This archived article was written by: C. Josie Luke
A peer support group for students dealing with issues involving with the college experience, mental illnesses and life in general, will begin meeting March 3 at 7 pm, in CBB room 247. The group will be entirely confidential and anyone interested in being involved is encouraged to attend.
Gender, socio-economic status and ethnic background should not be an issue in a person’s decision to attend. Because of the confidentiality aspect, no one should fear in any way joining in this process. All of those involved will be treated with respect and great care will be shown so that no one will be offended.
Generally, support groups are led by a professional or by a member of the group. This being a peer support group, the leader of the group will be a peer who is actually experiencing these stresses and problems along with the group. This can provide a more comfortable setting for members of the group as well as a feeling of mutual support.
According to the National Association of Mental Health, “Mental illness can profoundly disrupt students’ thinking, feelings, moods, ability to relate to others, and overall capacity for coping with the demands of college life. These brain disorders are not the result of personal weakness, lack of character, or poor upbringing. Rather, mental illnesses are biologically based brain disorders, and they cannot be overcome through ‘will power’ and are not related to a person’s ‘character’ or intelligence.
“College students are particularly susceptible to mental illness, since depression and other major illnesses first become apparent during a person’s college years. Students must contend with new surroundings, people, classes, and other various stresses. The pressures of college life combined with biological factors have made mental illness on college campuses an increasingly common concern. An estimated 27 percent of young adults between the ages of 18 and 24 have a diagnosable mental illness. Consequently, every year thousands of college students struggle alone with mental illnesses such as depression, anxiety disorders, eating disorders and bipolar disorder.”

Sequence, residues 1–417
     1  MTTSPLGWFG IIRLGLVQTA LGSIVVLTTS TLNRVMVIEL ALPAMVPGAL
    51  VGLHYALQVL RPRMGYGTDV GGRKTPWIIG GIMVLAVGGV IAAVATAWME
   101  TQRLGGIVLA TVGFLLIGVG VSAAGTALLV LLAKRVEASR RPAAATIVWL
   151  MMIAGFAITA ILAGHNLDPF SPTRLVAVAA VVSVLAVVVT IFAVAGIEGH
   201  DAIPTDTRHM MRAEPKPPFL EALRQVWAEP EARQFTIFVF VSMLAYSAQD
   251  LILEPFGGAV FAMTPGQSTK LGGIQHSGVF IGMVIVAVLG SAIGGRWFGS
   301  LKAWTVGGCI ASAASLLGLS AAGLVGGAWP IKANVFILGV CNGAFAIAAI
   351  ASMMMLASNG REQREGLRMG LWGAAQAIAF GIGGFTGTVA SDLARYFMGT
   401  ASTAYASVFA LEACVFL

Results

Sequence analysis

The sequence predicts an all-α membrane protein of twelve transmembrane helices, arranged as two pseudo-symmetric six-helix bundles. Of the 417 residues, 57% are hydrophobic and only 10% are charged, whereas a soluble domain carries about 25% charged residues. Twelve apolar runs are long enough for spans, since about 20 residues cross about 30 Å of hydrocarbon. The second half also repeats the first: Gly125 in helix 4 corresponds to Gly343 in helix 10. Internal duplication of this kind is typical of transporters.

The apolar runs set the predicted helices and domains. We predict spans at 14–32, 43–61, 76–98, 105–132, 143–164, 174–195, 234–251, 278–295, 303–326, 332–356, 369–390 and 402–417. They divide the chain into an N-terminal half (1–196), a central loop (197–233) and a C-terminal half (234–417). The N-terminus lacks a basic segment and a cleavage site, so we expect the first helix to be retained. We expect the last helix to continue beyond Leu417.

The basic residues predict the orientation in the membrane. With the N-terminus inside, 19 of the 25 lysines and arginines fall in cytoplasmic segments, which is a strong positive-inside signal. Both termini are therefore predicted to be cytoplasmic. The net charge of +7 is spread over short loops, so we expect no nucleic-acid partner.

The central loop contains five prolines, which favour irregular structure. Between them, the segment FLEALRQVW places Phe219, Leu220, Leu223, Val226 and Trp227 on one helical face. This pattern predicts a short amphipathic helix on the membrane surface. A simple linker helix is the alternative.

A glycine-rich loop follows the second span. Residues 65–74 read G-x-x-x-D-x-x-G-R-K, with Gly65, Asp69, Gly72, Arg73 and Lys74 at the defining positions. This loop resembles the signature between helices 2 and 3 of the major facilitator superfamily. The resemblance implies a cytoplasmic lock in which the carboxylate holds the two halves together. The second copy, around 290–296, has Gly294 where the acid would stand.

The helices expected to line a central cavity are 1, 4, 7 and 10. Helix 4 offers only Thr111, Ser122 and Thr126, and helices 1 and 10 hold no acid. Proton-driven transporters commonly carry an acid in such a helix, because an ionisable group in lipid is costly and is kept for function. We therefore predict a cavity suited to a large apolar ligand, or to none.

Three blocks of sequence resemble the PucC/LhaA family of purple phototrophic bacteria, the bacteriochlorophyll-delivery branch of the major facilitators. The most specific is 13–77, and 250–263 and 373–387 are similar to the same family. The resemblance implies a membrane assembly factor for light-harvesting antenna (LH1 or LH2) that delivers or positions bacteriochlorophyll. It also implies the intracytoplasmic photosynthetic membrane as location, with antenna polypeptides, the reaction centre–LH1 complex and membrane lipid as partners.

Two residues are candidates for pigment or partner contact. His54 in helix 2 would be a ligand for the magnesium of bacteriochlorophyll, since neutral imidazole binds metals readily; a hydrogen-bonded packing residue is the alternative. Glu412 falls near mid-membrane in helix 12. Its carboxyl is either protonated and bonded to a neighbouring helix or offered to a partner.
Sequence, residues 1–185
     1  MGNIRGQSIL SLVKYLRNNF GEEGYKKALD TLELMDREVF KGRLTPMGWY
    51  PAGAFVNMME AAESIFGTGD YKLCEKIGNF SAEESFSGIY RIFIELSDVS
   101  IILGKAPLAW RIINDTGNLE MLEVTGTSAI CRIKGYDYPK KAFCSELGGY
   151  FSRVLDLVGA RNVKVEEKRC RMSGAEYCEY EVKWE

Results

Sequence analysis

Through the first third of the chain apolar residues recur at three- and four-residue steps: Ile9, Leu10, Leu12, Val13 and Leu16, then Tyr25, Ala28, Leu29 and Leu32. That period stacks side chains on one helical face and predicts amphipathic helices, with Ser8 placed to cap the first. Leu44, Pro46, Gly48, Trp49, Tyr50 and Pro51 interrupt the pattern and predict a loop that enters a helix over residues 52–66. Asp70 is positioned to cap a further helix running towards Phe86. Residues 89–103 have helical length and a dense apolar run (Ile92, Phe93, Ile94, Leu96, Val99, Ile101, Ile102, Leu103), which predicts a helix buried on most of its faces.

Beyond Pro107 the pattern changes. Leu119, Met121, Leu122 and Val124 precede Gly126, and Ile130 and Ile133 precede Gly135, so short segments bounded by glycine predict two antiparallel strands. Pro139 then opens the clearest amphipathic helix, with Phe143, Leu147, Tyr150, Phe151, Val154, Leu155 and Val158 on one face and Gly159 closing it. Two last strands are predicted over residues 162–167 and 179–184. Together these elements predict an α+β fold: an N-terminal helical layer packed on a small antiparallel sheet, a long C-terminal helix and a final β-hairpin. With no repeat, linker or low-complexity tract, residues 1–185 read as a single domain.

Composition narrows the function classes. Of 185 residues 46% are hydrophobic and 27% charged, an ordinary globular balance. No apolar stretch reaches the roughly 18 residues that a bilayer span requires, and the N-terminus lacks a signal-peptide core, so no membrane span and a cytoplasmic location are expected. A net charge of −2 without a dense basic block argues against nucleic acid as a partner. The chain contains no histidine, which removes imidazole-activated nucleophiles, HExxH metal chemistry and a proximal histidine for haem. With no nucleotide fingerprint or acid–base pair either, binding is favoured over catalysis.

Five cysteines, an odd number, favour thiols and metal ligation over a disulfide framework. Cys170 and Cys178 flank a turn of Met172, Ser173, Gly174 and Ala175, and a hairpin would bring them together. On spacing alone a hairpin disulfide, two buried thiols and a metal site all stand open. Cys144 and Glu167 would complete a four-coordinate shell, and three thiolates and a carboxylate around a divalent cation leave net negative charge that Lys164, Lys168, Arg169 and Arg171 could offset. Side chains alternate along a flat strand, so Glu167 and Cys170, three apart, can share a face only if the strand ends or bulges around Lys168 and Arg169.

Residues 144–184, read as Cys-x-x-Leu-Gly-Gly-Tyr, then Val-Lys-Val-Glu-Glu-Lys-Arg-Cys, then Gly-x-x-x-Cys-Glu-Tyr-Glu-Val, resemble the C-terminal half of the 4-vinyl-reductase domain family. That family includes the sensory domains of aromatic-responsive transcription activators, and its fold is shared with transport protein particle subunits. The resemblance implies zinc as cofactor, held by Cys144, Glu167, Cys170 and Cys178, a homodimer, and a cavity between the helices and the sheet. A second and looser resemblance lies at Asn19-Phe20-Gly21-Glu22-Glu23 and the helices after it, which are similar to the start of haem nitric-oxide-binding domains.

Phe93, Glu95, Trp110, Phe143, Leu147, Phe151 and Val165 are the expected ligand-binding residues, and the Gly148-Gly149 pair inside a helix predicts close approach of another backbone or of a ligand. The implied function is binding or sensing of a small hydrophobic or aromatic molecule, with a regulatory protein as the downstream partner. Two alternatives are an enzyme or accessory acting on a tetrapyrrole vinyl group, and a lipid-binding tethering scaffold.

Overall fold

According to information on the peer support group at Oxford University, “The Peer Support Programme provides the University [or community college] with a support network for any students who wish to talk about their problems but are not yet ready for, or do not feel they need, professional help.”
This group will not be a substitute for professional mental health care, but a support to anyone who feels that they could benefit from the experience. It will be a relaxed format and will encourage those who attend to participate only to the degree that they feel comfortable participating.
In research studies looking at groups such as this, as listed in an article on Psych Central compiled by Elaina M. Kyrouz, Ph.D. and Keith Humphries, Ph.D., persons participating were less likely to be hospitalized since joining, had shorter hospital stays and a higher percentage of members could function with no contact with the mental health system.
In one study, conducted in 1990 by M. Kennedy, “Members also increased their sense of security and self-esteem, decreased their existential anxiety, broadened their sense of spirituality, and increased their ability to accept problems without blaming self and others for them.”
One student involved said, “People tend to be very wary of attending such a group because of the stereotypes that exist about things like this, but I would encourage them to just come once. Organizers are hoping that people will come and see what it is like and that people will not judge it before they do . I think they might be surprised at how much it can help them. I think it could be a huge help for people who are struggling with many different problems, from a serious mental illness or stress from personal problems to everyday feelings of loneliness and discouragement. Everyone should be excited to come to help themselves and to be able to help other people who might be having the same problems.”
If you are interested at all or have any questions, please send emails to [email protected]. Any questions or concerns will be answered promptly and confidentially.